Burrows realized he was going above and beyond when he was asked to clean out the roof gutters at his boss’s lake house during a previous job. “I’m on the roof. Pretty high roof, too, by the way, not a flat, low roof, and I’m sitting there thinking, ‘Something’s not right here.’”
It can be a struggle to deal with the conflict that arises when the desire to make an executive’s life easier meets a request that’s outside of the job duties.
“I really thought that, ‘Of course it’s a waste of my executive’s time to clean the gutters,’” he said. “But I was also like, just because it was alright for him to not have to deal with that, as far as prioritizing his time, it didn’t make it right for me to be doing it personally.”
3. Don’t take it personally if you don’t get on the calendar.
Sometimes people see their failure to secure a meeting with an executive as proof that the executive assistant is personally out to get them, said Lindsay Robinson, an executive assistant at LinkedIn.
But behind the scenes, Robinson said, “I agonize over how to find time when there isn’t any. If they knew how many meetings I looked at to possibly, potentially move, and it just didn’t work out.”
“Act with a little grace when you’re asking for something, because it’s not just you,” she advised. “You’re thinking about what you have to do. I’m thinking about you and the other 30 people that have emailed me before eight o’ clock.”
4. It’s not cool if you only talk to an EA to get intel about leadership. It’s rude, and they can tell you’re doing it.
Since executive assistants often have access to a leader behind closed doors, some colleagues try to exploit that relationship for their own ends.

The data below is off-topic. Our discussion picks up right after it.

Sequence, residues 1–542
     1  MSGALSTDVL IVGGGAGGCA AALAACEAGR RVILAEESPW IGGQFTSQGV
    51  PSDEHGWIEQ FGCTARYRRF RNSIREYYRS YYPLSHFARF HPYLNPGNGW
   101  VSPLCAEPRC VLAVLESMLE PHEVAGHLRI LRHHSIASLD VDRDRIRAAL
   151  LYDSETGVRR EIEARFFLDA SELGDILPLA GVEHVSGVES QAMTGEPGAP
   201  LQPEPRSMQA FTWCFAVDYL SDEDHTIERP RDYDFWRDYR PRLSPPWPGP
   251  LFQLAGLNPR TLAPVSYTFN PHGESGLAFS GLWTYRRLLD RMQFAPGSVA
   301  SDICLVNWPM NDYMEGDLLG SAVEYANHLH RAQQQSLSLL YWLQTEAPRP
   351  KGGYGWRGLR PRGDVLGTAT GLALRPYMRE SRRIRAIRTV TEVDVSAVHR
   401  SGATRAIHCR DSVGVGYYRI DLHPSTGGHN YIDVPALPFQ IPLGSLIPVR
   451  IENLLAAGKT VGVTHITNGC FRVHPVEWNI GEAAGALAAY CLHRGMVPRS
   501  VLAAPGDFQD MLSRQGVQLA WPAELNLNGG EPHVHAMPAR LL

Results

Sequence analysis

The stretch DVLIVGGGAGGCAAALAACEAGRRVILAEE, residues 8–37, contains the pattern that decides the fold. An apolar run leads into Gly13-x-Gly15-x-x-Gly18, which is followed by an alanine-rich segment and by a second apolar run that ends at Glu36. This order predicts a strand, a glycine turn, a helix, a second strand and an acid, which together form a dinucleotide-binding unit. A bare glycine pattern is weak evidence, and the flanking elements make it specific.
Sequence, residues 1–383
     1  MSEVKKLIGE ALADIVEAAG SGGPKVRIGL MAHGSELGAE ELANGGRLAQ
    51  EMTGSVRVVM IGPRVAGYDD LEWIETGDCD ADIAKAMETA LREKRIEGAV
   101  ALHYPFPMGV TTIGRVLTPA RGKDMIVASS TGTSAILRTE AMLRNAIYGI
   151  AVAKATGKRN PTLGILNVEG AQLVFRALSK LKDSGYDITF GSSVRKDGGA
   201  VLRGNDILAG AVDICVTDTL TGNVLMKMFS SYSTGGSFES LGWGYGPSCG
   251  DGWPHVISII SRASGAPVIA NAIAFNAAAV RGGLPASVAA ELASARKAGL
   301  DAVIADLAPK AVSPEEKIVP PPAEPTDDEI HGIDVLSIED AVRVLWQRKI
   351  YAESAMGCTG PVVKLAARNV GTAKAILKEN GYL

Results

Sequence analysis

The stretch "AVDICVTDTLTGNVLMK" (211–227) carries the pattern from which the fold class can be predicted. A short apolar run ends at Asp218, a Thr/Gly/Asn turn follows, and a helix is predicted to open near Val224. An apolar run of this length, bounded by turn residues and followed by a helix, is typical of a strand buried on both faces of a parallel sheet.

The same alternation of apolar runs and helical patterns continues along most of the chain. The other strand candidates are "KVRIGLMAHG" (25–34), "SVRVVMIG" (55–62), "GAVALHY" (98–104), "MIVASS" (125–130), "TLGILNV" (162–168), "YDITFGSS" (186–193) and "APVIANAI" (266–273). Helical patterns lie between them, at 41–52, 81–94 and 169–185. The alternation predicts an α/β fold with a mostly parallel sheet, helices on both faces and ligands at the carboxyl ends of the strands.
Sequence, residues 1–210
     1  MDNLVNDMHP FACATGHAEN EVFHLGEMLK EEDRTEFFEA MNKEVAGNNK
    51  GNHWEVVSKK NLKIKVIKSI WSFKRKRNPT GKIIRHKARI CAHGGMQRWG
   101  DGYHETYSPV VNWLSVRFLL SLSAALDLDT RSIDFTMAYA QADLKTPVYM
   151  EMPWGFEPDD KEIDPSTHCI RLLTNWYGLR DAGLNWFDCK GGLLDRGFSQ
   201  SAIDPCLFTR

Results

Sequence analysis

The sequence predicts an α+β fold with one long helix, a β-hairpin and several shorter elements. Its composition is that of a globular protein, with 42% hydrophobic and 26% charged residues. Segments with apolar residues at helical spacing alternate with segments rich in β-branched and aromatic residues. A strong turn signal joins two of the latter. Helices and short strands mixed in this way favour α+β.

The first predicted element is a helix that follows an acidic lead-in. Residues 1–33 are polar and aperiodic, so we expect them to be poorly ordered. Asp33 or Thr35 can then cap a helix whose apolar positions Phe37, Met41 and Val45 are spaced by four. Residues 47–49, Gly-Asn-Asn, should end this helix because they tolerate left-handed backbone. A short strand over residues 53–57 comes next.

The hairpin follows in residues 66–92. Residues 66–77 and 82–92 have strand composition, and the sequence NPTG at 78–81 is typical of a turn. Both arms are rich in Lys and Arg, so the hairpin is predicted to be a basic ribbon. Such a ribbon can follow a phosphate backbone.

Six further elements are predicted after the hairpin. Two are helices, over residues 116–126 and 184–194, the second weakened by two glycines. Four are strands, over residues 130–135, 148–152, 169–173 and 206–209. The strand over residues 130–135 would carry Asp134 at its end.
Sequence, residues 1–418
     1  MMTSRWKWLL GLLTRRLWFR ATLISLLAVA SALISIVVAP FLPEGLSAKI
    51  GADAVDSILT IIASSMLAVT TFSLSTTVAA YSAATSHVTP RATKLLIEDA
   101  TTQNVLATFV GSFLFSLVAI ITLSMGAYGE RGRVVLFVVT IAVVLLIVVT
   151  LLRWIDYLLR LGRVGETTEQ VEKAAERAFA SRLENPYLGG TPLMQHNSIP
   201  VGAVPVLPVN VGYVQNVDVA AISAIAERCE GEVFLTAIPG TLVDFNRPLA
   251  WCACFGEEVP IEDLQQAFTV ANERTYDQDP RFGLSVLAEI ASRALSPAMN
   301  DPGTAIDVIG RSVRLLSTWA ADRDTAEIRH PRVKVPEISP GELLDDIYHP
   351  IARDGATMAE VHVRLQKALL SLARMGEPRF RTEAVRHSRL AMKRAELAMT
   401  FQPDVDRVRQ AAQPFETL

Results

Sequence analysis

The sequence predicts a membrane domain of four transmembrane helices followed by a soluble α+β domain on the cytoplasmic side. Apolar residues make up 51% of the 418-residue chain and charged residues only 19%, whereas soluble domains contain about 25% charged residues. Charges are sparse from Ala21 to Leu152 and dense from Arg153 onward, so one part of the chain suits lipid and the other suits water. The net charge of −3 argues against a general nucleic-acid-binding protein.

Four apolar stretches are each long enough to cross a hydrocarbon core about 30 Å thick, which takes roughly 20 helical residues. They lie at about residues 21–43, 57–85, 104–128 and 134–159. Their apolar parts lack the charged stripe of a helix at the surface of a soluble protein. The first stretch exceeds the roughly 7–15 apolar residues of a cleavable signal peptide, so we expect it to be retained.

Burrows said that in a prior job as an EA at a different company, these kind of conversations happened all the time. He shared a typical scenario of how chats would go when he ran into co-workers outside the office:
“Oh, hey, how is it going? How is your boss doing?”
“He’s good, it’s busy, but he’s hanging in there.”
“OK, good, good. [Awkward pause.] Well, let him know I’m thinking about him. Tell him if he ever needs anything, give me a call. Tell him we should grab coffee soon.”
On the surface, these interactions may seem fine, but if they happen over and over, it becomes dehumanizing to an executive assistant, Burrows said.
“Even if he is the biggest asshole in the world, there is only a limited amount that you can share.”
“It caused me to shut down emotionally and basically say, ‘OK, I’m just not going to be friends with my colleagues because they don’t care about me, they just care about, “Oh, what’s the latest scoop about what’s going on with the CEO?”’”
To be better colleagues, Burrows said, co-workers should trust that assistants will communicate crucial information to them if necessary and that if an EA cannot share, it doesn’t mean bad news like a layoff is coming.
“You don’t have to go fishing for information,” he said.
5. It can be isolating and lonely. Genuine thanks go a long way.
The knowledge that executive assistants have on the C-suite is a double-edged sword: They get access to conversations no one else in the company may be hearing, but they don’t have co-workers they can confide in, either.
“There’s only so much that you can share with your colleagues because your boss’s reputation is also your reputation,” D.D. said. “Even if he is the biggest asshole in the world, there is only a limited amount that you can share because either you’re the doormat working for him or you’re the idiot who is working for the asshole.”
Being an EA often means being overlooked. That’s why Robinson advises colleagues to make sure that EAs are getting the same benefits and kudos that other team members get, like vacations and birthday celebrations.
“We need all the other things that we help give other people,” she said, adding later that, “A thank you goes a long way.“
Consider the language that you use to compliment EAs when you are giving them their flowers, too. Robinson said during her career she has heard her role described in inhuman, otherworldly terms, like “robot,” “ninja” or “magician,” which she finds off-putting.
“That’s the other thing I hear, ‘You’re a robot.’ It’s like, ‘I’m a human being with feelings and needs.’”